The sewing machine I had -- a 1966 Singer Touch and Sew -- was only one year newer than my mom's, but unbeknownst to me that machine marked the beginning of some unfortunate design changes, and it had to go in the shop all the time. The nylon gears finally crumbled away about three years ago. The cost of the labor to have it repaired was prohibitive, so I began to research fixing it myself. In that process I inadvertently got sucked into the vintage machine subculture -- which is populated by some very helpful people:)
After joining some yahoo groups (in particular, vintagesinger and wefixit) and asking some questions, I decided that instead of trying to fix my old machine I would see about getting one that had consistently good reviews. Lo and behold, on my local craigslist there was a Singer 401 from 1956!
A young man was selling it. It had been left behind by the former homeowners. He knew nothing about it and it needed some work, so I offered what I thought was a fair price and brought her home. Over a period of several weeks, I cleaned her up (like a lot of mid-century items, lots of nicotine stains), ordered a few parts and installed them, basically just fiddled around with the machine. I did finally take it to my local sewing machine repair shop just to make sure I had everything set right.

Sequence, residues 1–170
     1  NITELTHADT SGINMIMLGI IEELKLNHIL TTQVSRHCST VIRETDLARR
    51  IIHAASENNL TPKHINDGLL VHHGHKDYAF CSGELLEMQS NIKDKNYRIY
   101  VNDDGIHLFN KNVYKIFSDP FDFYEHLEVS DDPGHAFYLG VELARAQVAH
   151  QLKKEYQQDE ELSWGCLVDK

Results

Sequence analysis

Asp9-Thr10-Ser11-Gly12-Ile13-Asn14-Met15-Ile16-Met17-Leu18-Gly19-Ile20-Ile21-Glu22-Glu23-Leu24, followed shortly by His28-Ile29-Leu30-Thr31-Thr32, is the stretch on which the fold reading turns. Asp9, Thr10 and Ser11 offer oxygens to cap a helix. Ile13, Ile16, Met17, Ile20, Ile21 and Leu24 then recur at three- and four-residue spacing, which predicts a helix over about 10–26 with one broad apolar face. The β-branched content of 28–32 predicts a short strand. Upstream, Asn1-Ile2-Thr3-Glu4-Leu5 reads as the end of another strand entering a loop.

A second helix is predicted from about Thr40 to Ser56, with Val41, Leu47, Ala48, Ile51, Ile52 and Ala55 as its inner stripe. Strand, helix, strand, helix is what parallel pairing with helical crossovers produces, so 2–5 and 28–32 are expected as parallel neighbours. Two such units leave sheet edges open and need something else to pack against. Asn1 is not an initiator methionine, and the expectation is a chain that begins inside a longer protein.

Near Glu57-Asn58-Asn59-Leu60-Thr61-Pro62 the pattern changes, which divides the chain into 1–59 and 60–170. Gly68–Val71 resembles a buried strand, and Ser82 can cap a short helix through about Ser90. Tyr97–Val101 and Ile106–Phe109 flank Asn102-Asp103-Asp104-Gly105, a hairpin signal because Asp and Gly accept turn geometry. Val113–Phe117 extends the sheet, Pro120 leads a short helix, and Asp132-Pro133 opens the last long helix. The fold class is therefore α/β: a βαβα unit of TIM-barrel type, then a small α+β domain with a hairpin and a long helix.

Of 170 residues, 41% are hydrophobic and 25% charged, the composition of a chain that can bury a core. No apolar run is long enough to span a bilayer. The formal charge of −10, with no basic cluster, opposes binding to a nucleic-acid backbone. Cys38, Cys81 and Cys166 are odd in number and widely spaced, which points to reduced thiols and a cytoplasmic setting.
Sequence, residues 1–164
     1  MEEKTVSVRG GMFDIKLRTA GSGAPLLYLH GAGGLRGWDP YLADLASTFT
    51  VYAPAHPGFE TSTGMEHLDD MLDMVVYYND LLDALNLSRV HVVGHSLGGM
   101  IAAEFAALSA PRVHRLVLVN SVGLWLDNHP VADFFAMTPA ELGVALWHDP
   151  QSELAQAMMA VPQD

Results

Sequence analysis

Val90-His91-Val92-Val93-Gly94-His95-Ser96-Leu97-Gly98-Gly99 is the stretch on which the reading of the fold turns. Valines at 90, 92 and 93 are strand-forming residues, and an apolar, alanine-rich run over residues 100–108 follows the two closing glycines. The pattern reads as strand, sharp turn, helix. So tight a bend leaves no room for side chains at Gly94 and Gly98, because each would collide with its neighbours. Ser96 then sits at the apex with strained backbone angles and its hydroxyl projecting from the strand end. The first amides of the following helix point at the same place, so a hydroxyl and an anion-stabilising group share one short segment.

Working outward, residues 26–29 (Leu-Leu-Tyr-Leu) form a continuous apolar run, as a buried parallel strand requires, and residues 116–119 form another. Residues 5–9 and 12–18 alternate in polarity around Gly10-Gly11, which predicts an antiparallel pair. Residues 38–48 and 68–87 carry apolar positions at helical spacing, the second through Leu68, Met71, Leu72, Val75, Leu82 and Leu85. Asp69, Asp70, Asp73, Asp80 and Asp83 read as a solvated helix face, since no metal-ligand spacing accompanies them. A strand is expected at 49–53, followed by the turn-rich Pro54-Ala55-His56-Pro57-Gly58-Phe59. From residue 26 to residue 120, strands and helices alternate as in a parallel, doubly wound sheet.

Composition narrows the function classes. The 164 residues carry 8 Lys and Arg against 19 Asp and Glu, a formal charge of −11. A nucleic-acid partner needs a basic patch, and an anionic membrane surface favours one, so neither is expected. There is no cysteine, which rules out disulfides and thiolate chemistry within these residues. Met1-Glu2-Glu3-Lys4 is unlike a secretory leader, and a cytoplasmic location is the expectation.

Now I did not have a lot of prior experience working on sewing machines, but there is a lot of good information and also good resource people in these yahoo groups. The internet has made it possible to learn how to do so many things that would have been virtually impossible before. So I was able (with my on-line connections) to get her in good shape, oiling all the necessary places, figuring out problems, taking things apart and putting them back together.
|A peek into the side above the needle|
|Some of the stitch possibilities|
There are two storage drawers in the desk. In the top one I keep my extra feet, bobbins, sewing machine needles, etc.
The bottom drawer has other sewing machine accessories: extra discs (which change the stitch patterns), a buttonhole attachment, and a monogram attachment (which I haven't used yet). I like collecting all the available accessories :)
I'm not a person who really names her appliances, but if I do give her a name, it will be Cordelia because I bought her on Cordell Street. Do you like how she looks? I admit, after my mom's pretty blue machine, the two-tone beige and cream had to grow on me. But after all the loving care I've put into her, I love her. I love her quirky good looks and all her knobs and levers. And I mostly love her because she does just what she is supposed to do, and does it well -- sew.
|My lovely Singer 401|